“ The first original song about truck driving appeared in 1939 when Cliff Bruner and His Boys recorded Ted Daffan's "Truck Driver's Blues," a song explicitly marketed to roadside cafe owners who were installing juke boxes in record numbers to serve truckers and other motorists.” - Shane Hamilton

Another film released in 1975, White Line Fever, also involved truck drivers. It tells the story of a Vietnam War veteran who returns home to take over his father's trucking business. But, he soon finds that corrupt shippers are trying to force him to carry illegal contraband. While endorsing another negative connotation towards the trucking industry, it does portray truck drivers with a certain wanderlust.

Invented in 1890, the diesel engine was not an invention that became well known in popular culture. It was not until the 1930's for the United States to express further interest for diesel engines to be accepted. Gasoline engines were still in use on heavy trucks in the 1970's, while in Europe they had been entirely replaced two decades earlier.

Trucks and cars have much in common mechanically as well as ancestrally. One link between them is the steam-powered fardier Nicolas-Joseph Cugnot, who built it in 1769. Unfortunately for him, steam trucks were not really common until the mid 1800's. While looking at this practically, it would be much harder to have a steam truck. This is mostly due to the fact that the roads of the time were built for horse and carriages. Steam trucks were left to very short hauls, usually from a factory to the nearest railway station. In 1881, the first semi-trailer appeared, and it was in fact towed by a steam tractor manufactured by De Dion-Bouton. Steam-powered trucks were sold in France and in the United States, apparently until the eve of World War I. Also, at the beginning of World War II in the United Kingdom, they were known as 'steam wagons'.

Many modern trucks are powered by diesel engines, although small to medium size trucks with gas engines exist in the United States. The European Union rules that vehicles with a gross combination of mass up to 3,500 kg (7,716 lb) are also known as light commercial vehicles. Any vehicles exceeding that weight are known as large goods vehicles.

Medium trucks are larger than light but smaller than heavy trucks. In the US, they are defined as weighing between 13,000 and 33,000 pounds (6,000 and 15,000 kg). For the UK and the EU, the weight is between 3.5 and 7.5 tons (3.9 and 8.3 tons). Local delivery and public service (dump trucks, garbage trucks, and fire-fighting trucks) are around this size.

The moving industry in the United States was deregulated with the Household Goods Transportation Act of 1980. This act allowed interstate movers to issue binding or fixed estimates for the first time. Doing so opened the door to hundreds of new moving companies to enter the industry. This led to an increase in competition and soon movers were no longer competing on services but on price. As competition drove prices lower and decreased what were already slim profit margins, "rogue" movers began hijacking personal property as part of a new scam. The Federal Motor Carrier Safety Administration (FMCSA) enforces Federal consumer protection regulations related to the interstate shipment of household goods (i.e., household moves that cross State lines). FMCSA has held this responsibility since 1999, and the Department of Transportation has held this responsibility since 1995 (the Interstate Commerce Commission held this authority prior to its termination in 1995).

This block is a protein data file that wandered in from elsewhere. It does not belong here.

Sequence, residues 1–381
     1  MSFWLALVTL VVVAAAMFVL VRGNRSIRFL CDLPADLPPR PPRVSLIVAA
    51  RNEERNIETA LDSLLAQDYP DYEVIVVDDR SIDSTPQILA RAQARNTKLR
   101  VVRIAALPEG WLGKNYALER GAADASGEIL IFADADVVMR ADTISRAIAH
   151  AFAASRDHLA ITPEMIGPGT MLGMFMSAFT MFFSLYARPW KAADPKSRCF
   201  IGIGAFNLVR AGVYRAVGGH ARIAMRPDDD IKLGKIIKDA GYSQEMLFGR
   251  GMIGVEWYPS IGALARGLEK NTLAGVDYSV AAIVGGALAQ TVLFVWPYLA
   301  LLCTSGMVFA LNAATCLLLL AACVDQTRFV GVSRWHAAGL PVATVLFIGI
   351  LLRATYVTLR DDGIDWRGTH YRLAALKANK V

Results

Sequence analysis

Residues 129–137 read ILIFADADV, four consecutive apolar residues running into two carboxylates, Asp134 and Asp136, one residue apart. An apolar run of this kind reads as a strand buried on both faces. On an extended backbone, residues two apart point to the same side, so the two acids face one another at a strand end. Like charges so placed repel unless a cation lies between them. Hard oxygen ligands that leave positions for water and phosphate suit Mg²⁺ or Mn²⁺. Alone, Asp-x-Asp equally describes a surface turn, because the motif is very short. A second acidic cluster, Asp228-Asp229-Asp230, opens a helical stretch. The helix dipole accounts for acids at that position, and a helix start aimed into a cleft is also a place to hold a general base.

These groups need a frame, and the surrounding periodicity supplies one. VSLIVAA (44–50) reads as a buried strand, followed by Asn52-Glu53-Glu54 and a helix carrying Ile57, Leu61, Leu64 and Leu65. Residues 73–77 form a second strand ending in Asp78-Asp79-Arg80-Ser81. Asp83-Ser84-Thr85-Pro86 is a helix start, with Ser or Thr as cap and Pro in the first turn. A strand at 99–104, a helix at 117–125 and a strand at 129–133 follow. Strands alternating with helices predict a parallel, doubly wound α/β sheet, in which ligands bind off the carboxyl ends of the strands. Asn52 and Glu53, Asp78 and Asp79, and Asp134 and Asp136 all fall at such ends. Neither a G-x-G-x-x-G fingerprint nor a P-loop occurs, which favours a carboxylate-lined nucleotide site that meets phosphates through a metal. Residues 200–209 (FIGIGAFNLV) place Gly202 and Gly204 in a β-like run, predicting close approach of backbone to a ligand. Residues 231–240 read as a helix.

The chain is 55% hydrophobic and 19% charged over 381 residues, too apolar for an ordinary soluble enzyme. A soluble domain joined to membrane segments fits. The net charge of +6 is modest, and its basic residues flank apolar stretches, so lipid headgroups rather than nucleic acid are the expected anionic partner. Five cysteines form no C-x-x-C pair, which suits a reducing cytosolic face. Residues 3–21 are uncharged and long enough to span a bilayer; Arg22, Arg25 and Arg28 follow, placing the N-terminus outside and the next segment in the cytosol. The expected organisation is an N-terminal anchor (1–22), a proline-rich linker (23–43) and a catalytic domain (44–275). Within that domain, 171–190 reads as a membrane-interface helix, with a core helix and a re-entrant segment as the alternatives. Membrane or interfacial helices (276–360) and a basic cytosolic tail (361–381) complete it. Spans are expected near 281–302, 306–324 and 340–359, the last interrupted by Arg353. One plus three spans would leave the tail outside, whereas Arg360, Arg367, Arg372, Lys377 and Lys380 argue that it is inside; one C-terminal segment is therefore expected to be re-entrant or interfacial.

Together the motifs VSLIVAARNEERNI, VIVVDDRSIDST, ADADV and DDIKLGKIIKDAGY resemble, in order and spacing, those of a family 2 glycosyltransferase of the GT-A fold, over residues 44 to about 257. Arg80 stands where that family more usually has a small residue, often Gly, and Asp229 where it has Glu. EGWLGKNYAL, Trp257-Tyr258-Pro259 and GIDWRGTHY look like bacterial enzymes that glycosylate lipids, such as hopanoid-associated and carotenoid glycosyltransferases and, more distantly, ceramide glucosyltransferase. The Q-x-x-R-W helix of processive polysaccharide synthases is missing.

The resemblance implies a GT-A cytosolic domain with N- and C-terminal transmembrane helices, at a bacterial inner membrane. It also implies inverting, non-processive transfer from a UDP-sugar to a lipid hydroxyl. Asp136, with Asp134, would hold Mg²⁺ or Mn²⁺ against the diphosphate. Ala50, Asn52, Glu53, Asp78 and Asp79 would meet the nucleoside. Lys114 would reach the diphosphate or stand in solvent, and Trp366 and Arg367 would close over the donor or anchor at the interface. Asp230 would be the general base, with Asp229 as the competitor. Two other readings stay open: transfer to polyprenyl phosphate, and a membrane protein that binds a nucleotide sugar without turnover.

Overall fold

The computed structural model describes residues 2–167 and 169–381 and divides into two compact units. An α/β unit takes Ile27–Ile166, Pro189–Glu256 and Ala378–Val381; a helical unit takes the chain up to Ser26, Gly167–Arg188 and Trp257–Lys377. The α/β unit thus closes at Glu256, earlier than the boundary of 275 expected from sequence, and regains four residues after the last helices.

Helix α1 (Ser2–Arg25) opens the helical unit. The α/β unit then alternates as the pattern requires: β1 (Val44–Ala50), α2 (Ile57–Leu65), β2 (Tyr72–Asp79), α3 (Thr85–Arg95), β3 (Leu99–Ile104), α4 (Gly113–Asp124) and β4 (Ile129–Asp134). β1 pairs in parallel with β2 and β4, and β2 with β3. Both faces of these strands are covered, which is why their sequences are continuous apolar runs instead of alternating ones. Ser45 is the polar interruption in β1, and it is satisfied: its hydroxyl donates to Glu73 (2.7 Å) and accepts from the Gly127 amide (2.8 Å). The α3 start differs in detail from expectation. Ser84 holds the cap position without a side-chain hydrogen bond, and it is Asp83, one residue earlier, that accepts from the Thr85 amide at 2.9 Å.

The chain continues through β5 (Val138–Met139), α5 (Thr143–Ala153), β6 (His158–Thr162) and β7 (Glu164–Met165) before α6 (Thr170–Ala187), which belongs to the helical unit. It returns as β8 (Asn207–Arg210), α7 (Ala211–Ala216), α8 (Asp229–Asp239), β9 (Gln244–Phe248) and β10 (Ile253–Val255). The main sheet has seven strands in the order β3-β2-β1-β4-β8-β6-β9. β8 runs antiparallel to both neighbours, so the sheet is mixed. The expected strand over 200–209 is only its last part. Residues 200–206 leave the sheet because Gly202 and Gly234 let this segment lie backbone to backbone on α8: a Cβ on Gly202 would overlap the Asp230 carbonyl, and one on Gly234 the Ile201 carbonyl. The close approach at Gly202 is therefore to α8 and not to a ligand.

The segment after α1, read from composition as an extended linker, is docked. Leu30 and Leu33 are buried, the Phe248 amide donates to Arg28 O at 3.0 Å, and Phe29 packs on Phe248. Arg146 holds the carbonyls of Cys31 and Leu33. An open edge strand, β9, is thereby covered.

Within the world of transportation, bypass routes are often very controversial. This is mostly due to the fact that they require the building of a road carrying heavy traffic where no road existed before. This has created conflict among society thus creating a divergence between those in support of bypasses and those who are opposed. Supporters believe they reduce congestion in built up areas. Those in opposition do not believe in developing (often rural) undeveloped land. In addition, the cities that are bypassed may also oppose such a project as reduced traffic may, in turn, reduce and damage business.

The term "lorry" has an ambiguous origin, but it is likely that its roots were in the rail transport industry. This is where the word is known to have been used in 1838 to refer to a type of truck (a freight car as in British usage) specifically a large flat wagon. It may derive from the verb lurry, which means to pull or tug, of uncertain origin. It's expanded meaning was much more exciting as "self-propelled vehicle for carrying goods", and has been in usage since 1911. Previously, unbeknownst to most, the word "lorry" was used for a fashion of big horse-drawn goods wagon.

In 1986 Stephen King released horror film "Maximum Overdrive", a campy kind of story. It is really about trucks that become animated due to radiation emanating from a passing comet. Oddly enough, the trucks force humans to pump their diesel fuel. Their leader is portrayed as resembling Spider-Man's antagonist Green Goblin.

With the onset of trucking culture, truck drivers often became portrayed as protagonists in popular media. Author Shane Hamilton, who wrote "Trucking Country: The Road to America's Wal-Mart Economy", focuses on truck driving. He explores the history of trucking and while connecting it development in the trucking industry. It is important to note, as Hamilton discusses the trucking industry and how it helps the so-called big-box stores dominate the U.S. marketplace. Hamilton certainly takes an interesting perspective historically speaking.

Unfortunately for the trucking industry, their image began to crumble during the latter part of the 20th century. As a result, their reputation suffered. More recently truckers have been portrayed as chauvinists or even worse, serial killers. The portrayals of semi-trailer trucks have focused on stories of the trucks becoming self-aware. Generally, this is with some extraterrestrial help.